Watermelon Crop Introduction
- by Gabriele Gusmini and Todd C. Wehner
- Department of Horticultural Science
- North Carolina State University
- Raleigh, NC 27695-7609
Some watermelon accessions in the USDA-ARS germplasm collection show a particular phenotype usually described by breeders as Egusi seed type. These accessions have been misclassified on occasion. Typically, Colocynthis citrullus [=Citrullus lanatus] has been confused with Citrullus colocynthis and as a result, the Egusi watermelon has been sometimes mistakenly considered a common name for Citrullus colocynthis.
Citrullus lanatus (Thunb.) Matsum. & Nakai var. lanatus [=Colocynthis citrullus L.] is the cultivated watermelon, and can have Egusi phenotype. On the other hand, Citrullus colocynthis Schrad. is a different Citrullus species (commonly called colocynth) It should not be referred to as egusi melon. Colocynth grows wild in warm and arid areas of Africa and Asia.
The Egusi watermelon (Citrullus lanatus (Thunb.) Matsum. & Nakai) is commonly known in Nigeria and the Congo as wild watermelon, Egusi melon, or Ibara. Egusi watermelon is widely cultivated in Nigeria, where the protein- and carbohydrate-rich seeds are used as a regular part of the diet. The fruit are not edible because of their bitter, hard, white flesh.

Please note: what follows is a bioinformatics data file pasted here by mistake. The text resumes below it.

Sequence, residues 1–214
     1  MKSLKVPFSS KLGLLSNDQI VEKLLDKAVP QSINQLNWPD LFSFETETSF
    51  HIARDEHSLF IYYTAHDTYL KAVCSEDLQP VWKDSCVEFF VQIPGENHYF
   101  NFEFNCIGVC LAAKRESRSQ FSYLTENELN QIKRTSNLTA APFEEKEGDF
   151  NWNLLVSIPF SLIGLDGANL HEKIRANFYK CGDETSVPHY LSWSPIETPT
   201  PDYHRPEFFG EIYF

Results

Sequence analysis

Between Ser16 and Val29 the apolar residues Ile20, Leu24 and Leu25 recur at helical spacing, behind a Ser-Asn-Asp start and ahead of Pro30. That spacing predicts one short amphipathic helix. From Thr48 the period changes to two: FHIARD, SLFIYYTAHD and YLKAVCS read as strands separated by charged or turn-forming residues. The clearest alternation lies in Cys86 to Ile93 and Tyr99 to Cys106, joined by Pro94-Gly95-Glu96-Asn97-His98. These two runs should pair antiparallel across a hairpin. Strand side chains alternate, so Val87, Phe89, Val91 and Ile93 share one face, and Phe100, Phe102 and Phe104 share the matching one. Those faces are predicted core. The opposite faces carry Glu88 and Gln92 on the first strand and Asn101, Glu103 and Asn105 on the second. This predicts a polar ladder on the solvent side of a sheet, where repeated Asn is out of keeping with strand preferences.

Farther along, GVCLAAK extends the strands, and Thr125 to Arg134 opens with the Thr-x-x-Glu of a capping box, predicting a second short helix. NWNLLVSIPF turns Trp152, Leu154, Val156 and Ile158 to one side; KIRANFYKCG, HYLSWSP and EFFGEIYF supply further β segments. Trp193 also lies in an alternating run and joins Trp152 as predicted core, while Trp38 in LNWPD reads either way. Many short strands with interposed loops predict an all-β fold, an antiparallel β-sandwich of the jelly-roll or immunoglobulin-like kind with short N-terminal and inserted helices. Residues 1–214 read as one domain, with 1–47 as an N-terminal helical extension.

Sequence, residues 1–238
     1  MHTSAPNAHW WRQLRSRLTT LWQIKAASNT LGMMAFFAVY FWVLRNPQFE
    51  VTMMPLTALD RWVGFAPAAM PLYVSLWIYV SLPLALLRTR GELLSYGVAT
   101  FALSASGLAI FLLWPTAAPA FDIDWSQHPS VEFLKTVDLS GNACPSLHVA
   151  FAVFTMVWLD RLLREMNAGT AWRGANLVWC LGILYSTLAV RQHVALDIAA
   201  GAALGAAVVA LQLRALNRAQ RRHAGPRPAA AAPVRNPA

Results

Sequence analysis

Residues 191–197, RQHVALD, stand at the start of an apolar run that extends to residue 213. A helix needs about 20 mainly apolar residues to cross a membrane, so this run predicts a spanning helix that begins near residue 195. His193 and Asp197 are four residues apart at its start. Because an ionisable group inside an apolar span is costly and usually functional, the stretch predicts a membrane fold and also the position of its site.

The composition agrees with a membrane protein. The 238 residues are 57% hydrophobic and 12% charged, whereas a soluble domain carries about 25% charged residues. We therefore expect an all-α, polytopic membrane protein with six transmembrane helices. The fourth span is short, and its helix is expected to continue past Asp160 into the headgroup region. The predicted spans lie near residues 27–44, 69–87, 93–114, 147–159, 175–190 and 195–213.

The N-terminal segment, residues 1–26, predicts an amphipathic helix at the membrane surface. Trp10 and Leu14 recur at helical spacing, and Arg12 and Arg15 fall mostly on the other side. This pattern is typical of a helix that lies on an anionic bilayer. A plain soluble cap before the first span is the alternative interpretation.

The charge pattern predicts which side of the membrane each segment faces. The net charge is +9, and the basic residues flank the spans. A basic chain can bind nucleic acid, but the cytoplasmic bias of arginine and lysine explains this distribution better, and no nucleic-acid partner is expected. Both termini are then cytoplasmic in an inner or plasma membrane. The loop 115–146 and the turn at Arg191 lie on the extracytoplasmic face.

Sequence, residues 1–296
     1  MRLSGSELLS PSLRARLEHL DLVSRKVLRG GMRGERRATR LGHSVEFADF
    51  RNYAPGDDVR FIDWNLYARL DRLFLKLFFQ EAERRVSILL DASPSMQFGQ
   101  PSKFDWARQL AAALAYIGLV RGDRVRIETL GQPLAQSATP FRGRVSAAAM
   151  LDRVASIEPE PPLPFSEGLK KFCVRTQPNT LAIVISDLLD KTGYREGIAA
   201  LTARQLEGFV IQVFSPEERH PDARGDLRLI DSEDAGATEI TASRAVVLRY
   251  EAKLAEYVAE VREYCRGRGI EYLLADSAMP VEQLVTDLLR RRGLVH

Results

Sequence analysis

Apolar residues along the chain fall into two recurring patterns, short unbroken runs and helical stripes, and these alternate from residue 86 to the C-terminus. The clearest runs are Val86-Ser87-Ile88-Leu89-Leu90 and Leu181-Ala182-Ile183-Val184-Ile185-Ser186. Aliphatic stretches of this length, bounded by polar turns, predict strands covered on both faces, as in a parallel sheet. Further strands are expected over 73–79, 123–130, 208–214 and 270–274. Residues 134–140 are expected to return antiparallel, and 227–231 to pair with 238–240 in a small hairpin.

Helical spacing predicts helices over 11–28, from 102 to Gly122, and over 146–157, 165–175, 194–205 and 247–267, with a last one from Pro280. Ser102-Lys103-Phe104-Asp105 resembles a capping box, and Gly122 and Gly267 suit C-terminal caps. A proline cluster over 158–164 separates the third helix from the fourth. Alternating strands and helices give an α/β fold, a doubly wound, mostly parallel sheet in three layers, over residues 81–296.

The origin of the Egusi phenotype is uncertain, and the developmental genetics of this seed phenotype are not known. Its seeds are coated by an adherent layer of tissues that may be remnants of nucellar tissues. The tissues are visible only after the second to third week of seed development, and can be removed at maturity for commercial use of the seeds. The trait is controlled by a single, recessive gene called egusi seed (eg), where eg comes from PI 490383 selection NCG-529 and PI 560006, and Eg comes from ‘Calhoun Gray’ and ‘Charleston Gray’.